Eclipse Reviews

Eclipse as in eclipsing all other IDEs

about Eclipse · · Helpful Not helpful 2 Helpful

Humans are all about choices. Some like this and that and the other. Having many options is good as not every piece of software will please absolutely everybody. Regardless of your opinions of Eclipse you cannot deny the fact it's the most popular and flexible of all IDEs as is able to host almost every popular programming language and able to use every popular addon/plugin out there. So good luck manually setting up Gradle scripts and what not. I pick Eclipse all I gotta do is click install Gradle start coding. Easy. They tell me if I do the scripts manually I might learn a few things. Sure. Until the next best thing comes along then you gotta learn that. I like it simple. Focus on what's important ie coding. Time is limited.

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about Eclipse · · Helpful Not helpful

Excellent! Thank you, people,

From a satisfied customer

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Best IDE with complication

about Eclipse · · Helpful Not helpful

This is the best IDE with most complication. It's support almost every popular programming languages. Lots of plugins. Lots of preferences and so on.

[Edited by playablegraphs, December 22]

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Battleship IDE for unforgiving language: Java

about Eclipse · · Helpful Not helpful

Note: I am specifically discussing JBoss Developer Studio, which is Eclipse with some pre-installed plugins.

After years of evading any interaction with Java, I'm playing catch-up. Eclipse is proving crucial in minding the myriad details of Maven, class relationships, and the sheer redundant verbosity of Java syntax.

Bloated? For Python or PHP or JavaScript, yeah. When working in those languages I still prefer a code editor (e.g., Sublime or Notepad++) over a full-on IDE.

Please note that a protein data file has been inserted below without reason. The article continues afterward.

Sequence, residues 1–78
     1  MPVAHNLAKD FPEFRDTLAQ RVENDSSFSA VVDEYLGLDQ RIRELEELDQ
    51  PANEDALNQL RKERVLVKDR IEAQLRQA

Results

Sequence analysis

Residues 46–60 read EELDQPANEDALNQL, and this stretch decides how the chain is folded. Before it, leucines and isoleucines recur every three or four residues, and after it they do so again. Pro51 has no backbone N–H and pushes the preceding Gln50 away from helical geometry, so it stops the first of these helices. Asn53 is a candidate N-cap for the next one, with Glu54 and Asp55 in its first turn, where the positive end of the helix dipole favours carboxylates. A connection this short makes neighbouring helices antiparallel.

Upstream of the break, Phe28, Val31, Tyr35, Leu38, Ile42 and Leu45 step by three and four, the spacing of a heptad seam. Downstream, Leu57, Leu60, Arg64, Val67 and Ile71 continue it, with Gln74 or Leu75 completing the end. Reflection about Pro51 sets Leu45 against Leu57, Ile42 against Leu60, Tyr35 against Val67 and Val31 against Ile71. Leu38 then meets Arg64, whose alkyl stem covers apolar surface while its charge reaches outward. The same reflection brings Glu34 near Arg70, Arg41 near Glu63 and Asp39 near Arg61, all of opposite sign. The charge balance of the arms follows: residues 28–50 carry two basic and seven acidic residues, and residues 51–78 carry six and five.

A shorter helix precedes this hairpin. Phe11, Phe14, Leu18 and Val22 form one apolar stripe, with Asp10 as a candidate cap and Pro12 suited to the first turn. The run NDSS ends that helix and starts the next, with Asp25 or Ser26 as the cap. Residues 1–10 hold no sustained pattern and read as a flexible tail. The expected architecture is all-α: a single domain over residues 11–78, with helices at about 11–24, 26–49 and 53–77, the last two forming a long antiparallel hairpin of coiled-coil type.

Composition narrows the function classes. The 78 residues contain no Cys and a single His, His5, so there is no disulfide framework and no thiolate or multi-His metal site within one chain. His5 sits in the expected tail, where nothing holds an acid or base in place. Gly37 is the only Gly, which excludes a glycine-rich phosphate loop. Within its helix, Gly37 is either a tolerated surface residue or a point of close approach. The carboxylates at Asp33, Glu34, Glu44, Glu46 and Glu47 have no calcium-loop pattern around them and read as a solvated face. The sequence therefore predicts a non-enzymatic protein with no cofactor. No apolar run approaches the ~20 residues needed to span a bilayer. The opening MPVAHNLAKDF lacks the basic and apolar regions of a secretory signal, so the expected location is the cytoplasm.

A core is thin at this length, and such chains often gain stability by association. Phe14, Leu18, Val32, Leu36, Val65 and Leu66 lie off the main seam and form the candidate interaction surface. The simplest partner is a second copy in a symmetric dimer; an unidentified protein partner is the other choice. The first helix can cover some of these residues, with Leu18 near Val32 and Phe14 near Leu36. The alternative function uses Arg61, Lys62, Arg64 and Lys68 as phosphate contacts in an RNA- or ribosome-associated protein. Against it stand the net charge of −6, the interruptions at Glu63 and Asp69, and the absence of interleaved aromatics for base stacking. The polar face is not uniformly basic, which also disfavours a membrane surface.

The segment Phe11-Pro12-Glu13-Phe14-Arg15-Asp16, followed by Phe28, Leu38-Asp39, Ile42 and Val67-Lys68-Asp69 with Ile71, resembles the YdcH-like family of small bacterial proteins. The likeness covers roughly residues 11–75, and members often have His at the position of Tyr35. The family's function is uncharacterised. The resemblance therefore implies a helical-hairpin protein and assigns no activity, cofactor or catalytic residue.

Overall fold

However, Java's fundamental nature can't be corralled by "just" a code editor. Don't bring a knife to a gunfight.

The basic difference between Eclipse and NetBeans is that Eclipse is more of a framework that hosts different language- and task-specific components; the Java editor and the Python editor are really different applications, not a single editor with different settings. Eclipse and NetBeans have different design philosophies, and that's fine. I happen to like Eclipse's philosophy.

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For Linux I rather Netbeans

about Eclipse and NetBeans · · Helpful Not helpful

First of all, I haven't used this two (Eclipse & NetBeans) in Windows. Only in Linux, but for this last SO, I certainly rather NetBeans over Eclipse, since it's more Linux-Friendly.
So far, I have had no problem at all running NetBeans under Linux, but in Eclipse, I had weird behaviour/bug sometimes, that's why I decided to use NetBeans as default.

It's because eclipse works better with oracle java than with openjdk, you will see that with this last one, parts like windowbuilder doesn't work (it doesn't work neither if you are using compiz manager, with ubuntu unity). Anyway I have seen that the last versions of eclipse are less limux-friendly until they fix it, I think that windows is the main platform, swing

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Feels bloated

about Eclipse and IntelliJ IDEA · · Helpful Not helpful

I dislike that many projects use this as there preferred development environment (e.g. Android).
When I ever use an IDE then it's IntelliJ Idea for Java or Visual Studio for Windows.

Might feel bloated but it also has a huge user base making it very popular among plugins, add-ons and developing languages hence the most flexible of all of them. I mean you could go on Vi in text mode Linux and try to manually setup everything yourself good luck with that. Optionally you could just go hexadecimal and binary and write everything yourself from scratch.

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